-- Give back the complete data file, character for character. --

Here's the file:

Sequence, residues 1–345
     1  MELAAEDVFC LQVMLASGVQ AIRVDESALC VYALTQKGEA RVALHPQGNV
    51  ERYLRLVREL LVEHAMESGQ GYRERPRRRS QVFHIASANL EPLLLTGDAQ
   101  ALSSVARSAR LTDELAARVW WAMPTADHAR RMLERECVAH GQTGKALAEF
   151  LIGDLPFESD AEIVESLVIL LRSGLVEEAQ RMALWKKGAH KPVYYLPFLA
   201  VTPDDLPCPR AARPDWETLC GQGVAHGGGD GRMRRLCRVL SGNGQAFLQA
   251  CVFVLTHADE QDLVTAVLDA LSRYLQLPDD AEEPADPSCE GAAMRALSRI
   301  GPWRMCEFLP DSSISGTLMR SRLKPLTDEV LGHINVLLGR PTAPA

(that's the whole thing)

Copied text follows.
Sequence, residues 1–345
     1  MELAAEDVFC LQVMLASGVQ AIRVDESALC VYALTQKGEA RVALHPQGNV
    51  ERYLRLVREL LVEHAMESGQ GYRERPRRRS QVFHIASANL EPLLLTGDAQ
   101  ALSSVARSAR LTDELAARVW WAMPTADHAR RMLERECVAH GQTGKALAEF
   151  LIGDLPFESD AEIVESLVIL LRSGLVEEAQ RMALWKKGAH KPVYYLPFLA
   201  VTPDDLPCPR AARPDWETLC GQGVAHGGGD GRMRRLCRVL SGNGQAFLQA
   251  CVFVLTHADE QDLVTAVLDA LSRYLQLPDD AEEPADPSCE GAAMRALSRI
   301  GPWRMCEFLP DSSISGTLMR SRLKPLTDEV LGHINVLLGR PTAPA